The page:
Before Erwich's tenure at Warner Horizon, he was exec VP of programming at Fox Broadcasting Company for a dozen years, where he worked with Walden to develop "24," "Prison Break," and other series.
Calling Hulu's originals "a meaningful part of what has driven the platform’s impressive growth over the past few years," Walden said that "Craig and his team have done excellent work."
Disney's acquisition of Fox's entertainment assets, finalized in March, has brought together massive organizations that are still in the process of being streamlined. A new streaming service, Disney Plus, will debut in November. The integration has so far included layoffs, management shuffles, the shuttering of FX Plus, and potentially new compensation models for creatives.
In the wake of the Disney-Fox merger and Disney's full assumption of control over Hulu in May, Walt Disney Television has taken oversight of the streamer's original scripted drama and comedy development.
"The Handmaid's Tale," "The Act," "Catch-22," "Castle Rock," "The Looming Tower" and "Pen15" are all shows that have debuted under Erwich, who first joined Hulu in 2014. Prior to that, he oversaw development, production and business operations as executive vice president of Warner Horizon Television.
Hulu's unscripted original programming, original film development, and licensed live and on-demand content acquisition teams will stay put and continue to report to Freer, who continues to oversee Hulu's overall business and operations. Freer reports to Disney's direct-to-consumer and international head Kevin Mayer.
"I am excited to work with Randy in this next phase of Hulu," she said. "This new structure will enable Hulu to have access to many of the best creators in the world and programming from all of the content engines inside of Walt Disney Television.”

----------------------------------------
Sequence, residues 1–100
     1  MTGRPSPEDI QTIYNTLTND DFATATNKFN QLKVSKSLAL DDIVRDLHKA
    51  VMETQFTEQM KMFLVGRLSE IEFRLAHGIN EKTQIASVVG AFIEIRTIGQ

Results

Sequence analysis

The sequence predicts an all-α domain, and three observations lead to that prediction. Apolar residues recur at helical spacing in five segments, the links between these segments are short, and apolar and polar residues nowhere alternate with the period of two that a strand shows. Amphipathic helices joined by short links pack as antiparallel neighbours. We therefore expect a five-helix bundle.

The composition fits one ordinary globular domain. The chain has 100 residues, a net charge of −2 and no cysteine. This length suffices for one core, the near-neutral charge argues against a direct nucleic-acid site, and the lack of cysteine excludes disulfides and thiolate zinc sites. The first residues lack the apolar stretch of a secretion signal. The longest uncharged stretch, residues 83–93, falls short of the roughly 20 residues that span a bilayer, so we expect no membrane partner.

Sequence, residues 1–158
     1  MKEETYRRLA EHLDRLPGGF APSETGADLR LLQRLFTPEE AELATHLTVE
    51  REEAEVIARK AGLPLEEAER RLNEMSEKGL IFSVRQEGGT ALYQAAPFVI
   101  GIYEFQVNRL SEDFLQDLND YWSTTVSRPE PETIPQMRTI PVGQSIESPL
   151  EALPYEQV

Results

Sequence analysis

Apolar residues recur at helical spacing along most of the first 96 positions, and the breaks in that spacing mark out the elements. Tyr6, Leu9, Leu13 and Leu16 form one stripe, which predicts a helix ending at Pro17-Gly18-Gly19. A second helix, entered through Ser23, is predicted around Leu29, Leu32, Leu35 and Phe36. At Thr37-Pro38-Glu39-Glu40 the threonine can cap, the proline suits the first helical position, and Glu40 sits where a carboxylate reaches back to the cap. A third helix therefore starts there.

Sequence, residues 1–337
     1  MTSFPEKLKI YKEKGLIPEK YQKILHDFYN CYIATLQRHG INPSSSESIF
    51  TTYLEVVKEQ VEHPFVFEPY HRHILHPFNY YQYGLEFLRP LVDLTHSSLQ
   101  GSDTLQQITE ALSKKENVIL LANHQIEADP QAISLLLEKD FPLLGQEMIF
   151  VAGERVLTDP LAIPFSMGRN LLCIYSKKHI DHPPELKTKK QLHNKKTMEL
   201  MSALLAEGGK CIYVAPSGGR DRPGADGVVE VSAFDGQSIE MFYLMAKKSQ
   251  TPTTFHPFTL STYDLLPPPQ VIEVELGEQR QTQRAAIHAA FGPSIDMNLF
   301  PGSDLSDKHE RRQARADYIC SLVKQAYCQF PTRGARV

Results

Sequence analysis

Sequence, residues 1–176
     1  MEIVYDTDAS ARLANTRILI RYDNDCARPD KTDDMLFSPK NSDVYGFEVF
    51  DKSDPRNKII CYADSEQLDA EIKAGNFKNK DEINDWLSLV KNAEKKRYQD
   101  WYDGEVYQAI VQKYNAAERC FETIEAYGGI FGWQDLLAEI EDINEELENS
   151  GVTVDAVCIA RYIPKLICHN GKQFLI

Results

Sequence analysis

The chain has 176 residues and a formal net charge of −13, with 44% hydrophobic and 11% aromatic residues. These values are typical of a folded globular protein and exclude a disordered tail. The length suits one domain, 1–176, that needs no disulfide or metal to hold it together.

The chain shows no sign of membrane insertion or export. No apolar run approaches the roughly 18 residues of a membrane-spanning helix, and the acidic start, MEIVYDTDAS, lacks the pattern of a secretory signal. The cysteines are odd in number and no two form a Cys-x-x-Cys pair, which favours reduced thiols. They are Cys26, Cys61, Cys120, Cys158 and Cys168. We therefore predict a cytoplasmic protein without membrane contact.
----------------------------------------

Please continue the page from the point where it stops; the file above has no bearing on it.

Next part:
Hulu's senior vice president of scripted originals Craig Erwich will now report to Disney Television Studios and ABC Entertainment head Dana Walden, a shift from reporting to Hulu CEO Randy Freer. Erwich and his team will not to relocate to Disney's headquarters in Burbank, instead remaining in Santa Monica, where he will continue to lead scripted originals planning, development and commissioning for Hulu's original comedies and drama series.
Hulu now has over 28 million total subscribers. Disney Plus has been billed as a more family-friendly streamer, while Hulu has cemented its branding as the more "grown-up" service.
Freer is "looking forward to growing that caliber of scripted dramas and comedies on Hulu with the additional power of Walt Disney Television behind it.”
The streamer's business and marketing teams will continue to oversee overall content strategy, originals marketing, and capital allocation and investment decisions.” />
“As Hulu drives toward its ambitious subscriber and engagement goals, it is important that we take full advantage of the creative resources and production capabilities of Disney Television Studios, which are among the best in the world,” said Freer in a statement, adding that Erwich and his team have created a "broad, award-winning slate of programming" for the streamer.

The gathering was hosted by WarnerMedia CEO John Stankey, the former AT&T executive who made the call to force Tsujihara to resign as a result of what Stankey characterized as his "mistakes" that were "inconsistent" with AT&T's expectations for leaders.
Nelson told Variety that emotions were definitely running high in the crowd and that virtually all of the speakers choked up in their remarks, including Tsujihara. She noted that Tsujihara's ouster has come at a time when the studio is already adjusting to a new parent company and the lightning-speed changes in the content marketplace.